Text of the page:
It has been a while since we have seen any .303 British military ball ammo available for sale. It almost brings a tear to my eye when I remember how cheap some of the .303 milsurp was back in the day. I bought a lot of it back then, but I should have “bought it cheap and stacked it deep”.
Oh well, one of many regrets.
But recently, we saw some Greek .303 British military surplus become available. Cheaper Than Dirt had some for sale in lots described as: Greek Surplus .303 British Full Metal Jacket, 174 Grain MK7Z Spitzer, 2440 FPS, 480 Round Bulk Case, Grade A.
That caused kind of a stir because it had been so long since we have seen any for sale. I decided to order some and it arrived pretty quickly.
Here it is.
As you can see, it is slightly corroded on the surface and slightly “dirty”. But as Forrest Gump would say, “Pretty is as pretty does.”
I know from experience that I can tumble it in a vibrator tumbler with some corn cob media and it will clean right up of I want it to be shinier.
But the big question always is, “How does it shoot?” Well there is only one way to know.
I went to the range thin morning and shot some. I use two of my C&R rifles. The first is an old SMLE from Australia.
It is a good shooter, but is limited by the patridge rear sight.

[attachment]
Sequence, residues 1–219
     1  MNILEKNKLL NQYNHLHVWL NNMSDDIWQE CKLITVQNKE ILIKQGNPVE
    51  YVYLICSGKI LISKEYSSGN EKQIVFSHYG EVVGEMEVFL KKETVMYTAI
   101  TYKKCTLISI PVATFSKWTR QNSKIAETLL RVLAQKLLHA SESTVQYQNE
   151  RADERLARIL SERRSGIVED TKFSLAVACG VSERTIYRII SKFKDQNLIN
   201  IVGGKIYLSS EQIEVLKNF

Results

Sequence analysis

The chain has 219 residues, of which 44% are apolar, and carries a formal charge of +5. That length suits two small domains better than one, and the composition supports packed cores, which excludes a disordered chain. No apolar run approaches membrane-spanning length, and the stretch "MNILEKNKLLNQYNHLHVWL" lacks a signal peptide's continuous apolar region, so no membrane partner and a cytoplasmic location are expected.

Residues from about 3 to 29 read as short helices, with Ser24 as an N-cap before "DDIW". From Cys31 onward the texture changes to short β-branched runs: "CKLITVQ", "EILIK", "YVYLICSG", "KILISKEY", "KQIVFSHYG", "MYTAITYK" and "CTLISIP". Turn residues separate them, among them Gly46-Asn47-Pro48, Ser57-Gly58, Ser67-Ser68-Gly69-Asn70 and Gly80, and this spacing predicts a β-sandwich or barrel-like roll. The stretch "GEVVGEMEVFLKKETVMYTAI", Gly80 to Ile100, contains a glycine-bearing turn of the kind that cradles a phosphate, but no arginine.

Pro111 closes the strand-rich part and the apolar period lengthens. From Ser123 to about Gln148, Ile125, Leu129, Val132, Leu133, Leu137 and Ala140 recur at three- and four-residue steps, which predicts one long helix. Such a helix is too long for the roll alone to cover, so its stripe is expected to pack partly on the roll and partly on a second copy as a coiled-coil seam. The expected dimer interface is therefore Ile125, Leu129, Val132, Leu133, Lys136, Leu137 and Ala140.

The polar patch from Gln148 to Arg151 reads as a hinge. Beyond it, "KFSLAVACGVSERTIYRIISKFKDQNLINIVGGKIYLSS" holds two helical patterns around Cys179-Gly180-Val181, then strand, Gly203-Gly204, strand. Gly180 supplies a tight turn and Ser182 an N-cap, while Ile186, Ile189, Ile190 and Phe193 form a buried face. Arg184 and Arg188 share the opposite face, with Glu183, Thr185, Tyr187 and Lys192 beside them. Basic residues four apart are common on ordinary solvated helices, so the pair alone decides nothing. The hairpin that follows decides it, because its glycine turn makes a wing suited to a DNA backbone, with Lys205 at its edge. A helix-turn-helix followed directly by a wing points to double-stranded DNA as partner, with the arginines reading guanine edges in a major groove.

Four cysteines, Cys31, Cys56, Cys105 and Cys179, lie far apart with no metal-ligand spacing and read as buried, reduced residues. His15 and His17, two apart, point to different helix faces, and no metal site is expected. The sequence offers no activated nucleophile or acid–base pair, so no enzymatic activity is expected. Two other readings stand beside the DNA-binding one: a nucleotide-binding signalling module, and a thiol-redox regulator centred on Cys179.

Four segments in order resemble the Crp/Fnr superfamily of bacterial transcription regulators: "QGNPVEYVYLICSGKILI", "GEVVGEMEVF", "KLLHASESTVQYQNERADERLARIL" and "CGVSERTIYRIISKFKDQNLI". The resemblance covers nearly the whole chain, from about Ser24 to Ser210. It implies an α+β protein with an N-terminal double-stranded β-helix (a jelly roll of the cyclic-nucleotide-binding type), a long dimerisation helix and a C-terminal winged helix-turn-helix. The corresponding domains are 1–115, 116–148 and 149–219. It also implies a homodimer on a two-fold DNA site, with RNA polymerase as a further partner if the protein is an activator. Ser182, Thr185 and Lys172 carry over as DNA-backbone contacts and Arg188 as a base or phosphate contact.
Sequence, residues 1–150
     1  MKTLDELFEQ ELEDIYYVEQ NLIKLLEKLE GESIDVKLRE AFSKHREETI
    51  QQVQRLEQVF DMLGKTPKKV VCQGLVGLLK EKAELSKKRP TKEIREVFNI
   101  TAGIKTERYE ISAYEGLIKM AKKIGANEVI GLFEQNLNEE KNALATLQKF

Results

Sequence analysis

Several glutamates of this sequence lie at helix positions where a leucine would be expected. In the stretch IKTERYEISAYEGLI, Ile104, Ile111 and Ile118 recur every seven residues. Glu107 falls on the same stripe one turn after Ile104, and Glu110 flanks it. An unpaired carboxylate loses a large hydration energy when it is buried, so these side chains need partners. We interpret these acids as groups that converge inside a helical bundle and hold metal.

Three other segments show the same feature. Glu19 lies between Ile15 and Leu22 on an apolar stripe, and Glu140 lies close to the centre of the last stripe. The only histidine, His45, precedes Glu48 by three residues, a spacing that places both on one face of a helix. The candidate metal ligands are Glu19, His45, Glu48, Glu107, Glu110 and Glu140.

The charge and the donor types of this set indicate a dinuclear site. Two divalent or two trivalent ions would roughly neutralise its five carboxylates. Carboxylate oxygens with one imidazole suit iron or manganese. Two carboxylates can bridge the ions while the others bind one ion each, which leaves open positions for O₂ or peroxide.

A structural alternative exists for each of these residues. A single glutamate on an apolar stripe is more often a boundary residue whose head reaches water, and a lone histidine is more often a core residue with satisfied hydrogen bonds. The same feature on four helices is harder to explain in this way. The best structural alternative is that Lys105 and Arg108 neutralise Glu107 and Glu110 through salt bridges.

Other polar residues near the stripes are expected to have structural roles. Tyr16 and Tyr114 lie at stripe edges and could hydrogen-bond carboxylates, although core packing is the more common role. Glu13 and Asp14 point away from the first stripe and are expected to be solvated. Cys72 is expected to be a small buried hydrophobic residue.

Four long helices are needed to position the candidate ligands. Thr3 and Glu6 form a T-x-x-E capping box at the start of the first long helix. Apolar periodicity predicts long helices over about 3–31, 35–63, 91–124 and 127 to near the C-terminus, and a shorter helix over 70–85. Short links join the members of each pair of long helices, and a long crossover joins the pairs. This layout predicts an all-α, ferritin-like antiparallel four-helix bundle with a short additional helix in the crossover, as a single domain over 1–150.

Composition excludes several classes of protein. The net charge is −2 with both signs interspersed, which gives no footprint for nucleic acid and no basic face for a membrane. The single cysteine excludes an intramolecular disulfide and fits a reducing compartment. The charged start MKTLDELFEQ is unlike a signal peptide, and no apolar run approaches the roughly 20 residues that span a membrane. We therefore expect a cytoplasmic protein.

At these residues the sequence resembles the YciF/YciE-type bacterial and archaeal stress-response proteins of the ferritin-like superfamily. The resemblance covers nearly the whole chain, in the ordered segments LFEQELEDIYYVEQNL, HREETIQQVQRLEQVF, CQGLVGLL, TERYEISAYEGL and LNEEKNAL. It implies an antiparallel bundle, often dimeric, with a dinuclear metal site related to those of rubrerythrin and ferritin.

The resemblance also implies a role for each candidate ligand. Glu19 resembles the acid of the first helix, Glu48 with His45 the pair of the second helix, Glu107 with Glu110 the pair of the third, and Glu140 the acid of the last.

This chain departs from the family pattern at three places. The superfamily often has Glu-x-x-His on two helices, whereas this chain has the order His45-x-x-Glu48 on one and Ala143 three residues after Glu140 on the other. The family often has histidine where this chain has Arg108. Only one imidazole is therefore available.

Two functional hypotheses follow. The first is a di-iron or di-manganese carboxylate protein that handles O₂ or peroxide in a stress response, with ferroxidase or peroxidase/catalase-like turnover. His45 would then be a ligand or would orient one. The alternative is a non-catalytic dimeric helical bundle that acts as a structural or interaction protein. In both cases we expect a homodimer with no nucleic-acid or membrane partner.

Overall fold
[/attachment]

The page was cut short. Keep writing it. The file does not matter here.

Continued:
Nothing wrong with that type of sight for a battle rifle, but it is harder to be very precise with such a sight.
The other rifle is my No.4 Mk 1, which is marked “U.S.Property”, indicating that it was part of the “Lend Lease Program” in WWII.
It has a much better ladder peep sight. I can shoot it more accurately with this better sight.
I will be shooting the Greek milsurp and comparing it against some Prvi Partizan 150 grain Soft Point ammunition.
This ammo has proven to be very accurate. It sells for approximately 80 cents a round. That is compared to the Greek milsurp at about 39 cents per round.
Long story short, here are some of the targets.
These are three, 5 shot groups at 50 yards shot with my SMLE. The top one is the Prvi Partizan, and the two lower groups are the Greek milsurp.
And here are some groups shot with my No.4 Mk 1. Again, the top group is the Prvi and the bottom two are the Greek milsurp.
As you can see, I got almost the same accuracy with the two kinds of ammo. A slight difference, but not enough to matter.
1. The Greek milsurp ran 100%, no failures or hang fires. It is Boxer primed and I can reload it.
2. It shot just about as well as the higher quality ammo, but at about half the cost.
3. Rule 303 is still in effect.
4. It’s fun to shoot stuff.